I do think that a good quality messenger bag would probably be the best choice (again, if panniers isn't an option) as they are used by guys (gals, too) flying through traffic and they don't move. Of course, a good messenger bag isn't cheap, but it would be worth it IMO. I'm saving up for a good bag right now, we'll see how long it'll take me.
     
  10. benZine

    benZine New Member

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    I've heard the messenger bags are bad for you back?
     
  11. johnfward

    johnfward New Member

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    I commute 15 miles each way on a cyclocross bike. I've been using a Vaude backpack which has a suspension system that holds the pack a few inches off your back. Trade-off is loss of space in the pack but it's definitely worth it. Fact remains, however, that you still have to deal with the weight on your back. All things considered, I'd recommend the Vaude if you don't want to install a rack and don't pack too heavy. Quality and construction of the pack is top notch. www.vaude.de
     
  12. jhas

    jhas New Member

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    Thanks. I've settled for now on a lumbar pack from REI. It is just large enough for a change of clothes, lunch, and various essentials like wallet, keys, etc. Plus it has two outside water bottle pockets that make great storage for cleat covers, pump, etc. when I'm off the bike. The weight is down low, most of my back is free to breath, and with the optional shoulder strap in place it stays put nicely.
     
  13. ahimsa

    ahimsa New Member

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    I suggest the Eagle Creek Pack-It Folder to hold a change of clothes no matter what your choice of bags is. It keeps things fairly wrinkle free and helps keep things compact inside the bag. Check it out:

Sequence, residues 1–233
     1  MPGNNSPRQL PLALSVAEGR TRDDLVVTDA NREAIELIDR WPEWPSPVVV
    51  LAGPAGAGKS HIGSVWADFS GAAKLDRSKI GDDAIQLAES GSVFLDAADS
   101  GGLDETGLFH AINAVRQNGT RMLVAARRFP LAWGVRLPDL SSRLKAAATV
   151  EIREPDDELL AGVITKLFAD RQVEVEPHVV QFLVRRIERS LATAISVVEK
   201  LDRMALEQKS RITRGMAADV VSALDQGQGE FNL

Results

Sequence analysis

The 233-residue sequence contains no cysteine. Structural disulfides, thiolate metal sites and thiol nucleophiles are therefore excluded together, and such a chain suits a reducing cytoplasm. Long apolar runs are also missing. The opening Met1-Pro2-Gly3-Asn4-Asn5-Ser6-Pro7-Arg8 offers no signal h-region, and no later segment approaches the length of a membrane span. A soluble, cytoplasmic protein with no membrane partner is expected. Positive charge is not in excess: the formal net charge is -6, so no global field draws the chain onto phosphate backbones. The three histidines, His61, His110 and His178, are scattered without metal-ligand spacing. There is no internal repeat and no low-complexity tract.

http://www.eaglecreek.com/packit_folders.html
     
  14. gclark8

    gclark8 New Member

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    I bought a bike specific one, Caribee, less than $50 in Aus, http://www.caribee.com it has the vent channels and lots of add on carrying features, a bit like a Tri back pack, see http://www.nytro.com page for them.
     
  15. chispa60

    chispa60 New Member

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    Panniers are the way to go for commuting. The ones I've seen can range from only having bags on the side to ones that include a "trunk" as well as two sides. Some even have some decent water-resistance.

    Camelbak H.A.W.G.'s are good too but only for a limited about of gear. I'd say clothes and maybe some emergency repair gear and a small emergency first aid. Granted some emergency repair gear can be attached to the bike itself (i.e. mini pumps, tube wrappers/compressors, etc.).

    On a side note, if you do go all out on racks (and panniers) do get "low-rider" version of a front rack. They actually add to stability and control.
     
  16. motorhommer

    motorhommer New Member

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    I have been through the mill on this one. Started with backpack, then moved to panniers and have ended up with courier bag, which I think is the way to go if what you carry can vary in size from nothing to a lot. What I mean is some days I will need to bring shoes and change of clothes, along with diary and work papers. Other days I need nothing but just diary. I found the panniers when using two not flexible enough for papers and not big enough for shoes etc.

    I also found with the paniers that I had to balance the weight on both sides and I found it very hard to get at what I wanted.

    I bought the Timbuk2 large courier bag and have used it every day since. It has places for everything and a cross strap for stability. It can cover groceries, shopping, laptop, papers etc. Has phone and key pouch on cross strap.

    Horses for courses, it depends what you want and your needs.
     
  17. Glowingrod

    Glowingrod New Member

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    Depends, many commuters wear panniers. They're large and roomy but depending on brand can be pricey. Plus you'd need to adjust your riding a bit for the weight displacement. There's an upside to that of course when you take them off for a weekend ride your ride will feel ultralight and manuverable.